Have you ever really wanted something but when it happens you’re not prepared for the ream of extra emotions that suddenly hit you?

This was me a few weeks ago.

I’d always wanted two children, ideally pretty close together so they’d be buddies (wishful thinking re the buddies part, I know!). We’d even bought a specific pram that we could add the fixtures for a second child too when we bought our first pram! Rather organised for me…

However, life had other plans and when my first son was 10 months old I got a condition called Guillain Barre Syndrome. This involved me going from being a fit, active new Mum to a quadriplegic in the space of 3 days. I was subsequently hospitalised for 3 months and had to re-learn to walk, to grip things etc…

Fast forward to my son being nearly 3 years old and me finally being physically and mentally able to conceive our second child. Weirdly, any concerns about whether my first pregnancy might have caused the Guillain Barre, getting it again or having to go through the hospital experience again weren’t what hit me when I found out I was pregnant.

You see I’d always known I would recover from the Guillain Barre so that was what I had focused on during my time in hospital.

The harder bit for me came after I left hospital. It was when I was at home again, able to walk, looking relatively normal… But not actually physically able to make it through full days without having to go back to bed, not able to care for my son on my own for fear of the fatigue would floor me as it often did, being told how amazingly well I’d done but feeling like a total fraud as I was living just a fraction of my former life and had absolutely no idea how long this was going to go on for, if it could be forever…?

This was when the Reactive Depression started to take hold. When the thoughts of suicide and how I could go about ending my life began. Mixed with the gut-wrenching guilt of how much I loved my little family and knowing I was ‘wrong’ to be thinking these thoughts but not able to stop them from coming. Our minds are so far from logical when we're in that state that it's impossible to rationalise these thoughts now. This is what I believe creates the stigma; why it's so hard to talk about it and why it's equally as difficult for people who haven't experienced a mental illness to genuinely understand.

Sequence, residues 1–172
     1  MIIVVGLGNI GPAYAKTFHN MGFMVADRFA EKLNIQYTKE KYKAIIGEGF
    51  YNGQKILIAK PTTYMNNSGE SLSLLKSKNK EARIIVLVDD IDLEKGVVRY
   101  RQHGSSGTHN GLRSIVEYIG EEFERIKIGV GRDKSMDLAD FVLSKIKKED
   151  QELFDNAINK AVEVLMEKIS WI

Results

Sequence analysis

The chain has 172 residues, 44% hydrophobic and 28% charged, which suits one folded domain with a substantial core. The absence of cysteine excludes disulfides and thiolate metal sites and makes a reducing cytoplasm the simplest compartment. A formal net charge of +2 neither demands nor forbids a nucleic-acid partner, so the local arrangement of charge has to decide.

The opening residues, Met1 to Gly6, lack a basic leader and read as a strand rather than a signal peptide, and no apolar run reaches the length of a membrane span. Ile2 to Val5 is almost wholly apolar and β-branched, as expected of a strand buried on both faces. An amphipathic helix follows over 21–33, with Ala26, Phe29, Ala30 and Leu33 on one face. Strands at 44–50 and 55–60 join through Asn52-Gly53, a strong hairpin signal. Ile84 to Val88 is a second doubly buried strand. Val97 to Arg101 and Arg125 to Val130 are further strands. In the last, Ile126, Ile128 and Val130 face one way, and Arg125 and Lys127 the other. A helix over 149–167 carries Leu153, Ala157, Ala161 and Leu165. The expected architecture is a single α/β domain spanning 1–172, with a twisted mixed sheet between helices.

However, these were the memories that came flooding back to me soon after finding out I was pregnant.

What happened in both situations was I lost my ability to believe in myself.

During the 20 months of fatigue and subsequent reactive depression I lost my ability to focus on getting my full life back. It was such a hard slog that I let doubt start to creep in; maybe I should start to accept this was going to be my life now, full of chronic pain and fatigue, many people I know live with far worse. I should be grateful for what I had… but I wasn’t.

And then during those first few weeks of my second pregnancy the tiredness came back. I’ll highlight this as tiredness, not fatigue, as there is a significant difference, but it felt familiar enough to scare me and bring back memories. Add to that hormonal emotions of not really wanting to put myself out there to promote my business; be that via social media, for fear of rejection, or face-to-face in networking groups. The emotions also led to me feeling quite vulnerable, wanting to protect myself and my new forming baby and generally wanting to hide from the world a bit.

So again, I started to lose my belief in my ability to run my business and grow a baby inside me at the same time and scarily the thoughts and feelings my mind started to create once I’d allowed myself to think that belief, although they weren’t suicidal this time fortunately, were very familiar and similar to those I’d had on the slippery slope down to the reactive depression.

‘I can’t do this’

‘I’m not good enough’

‘Other people might be amazing successes but I’m not cut out for this’

‘I haven’t got it in me’

Fortunately I’m out the other side of both the Reactive Depression (I took the meds, please don’t ever worry for a minute about taking medication for depression if you’re in a suicidal place, it is genuinely what saved me) and I’ve kicked the self-doubt around my business into touch (yes, approaching 2nd trimester no doubt helps too!).

The message I want to share with you is just how important our minds, and the thoughts and beliefs they are creating are, to absolutely everything we do in life!

Whether negative or positive, what we BELIEVE underpins everything we do, every action we take and the outcomes we get as a result of that belief.

This is why for me, the Reactive Depression was far worse than the seemingly traumatic experience of Guillain Barre Syndrome. When I’ve lost my ability to believe in myself and think positively about my future is when I have found myself in the most trouble.

My desire is to guide others through a transformation process to save them from living their lives feeling stuck, lost or, worse still, from starting down that hideous spiral into any form of mental health condition. Because if I hadn’t learnt these skills and techniques and managed to turn myself around again in the last week or so I hate to think where my thoughts might be heading today…

If any of this resonates with you, if you feel like you have lost your ability to believe in yourself or can see how your thoughts are steering you towards a life you don’t want to be living but don’t know how to break the cycle you find yourself in, then please do book a free call with me to discover how coaching could set you on the path to living the life you want to be living.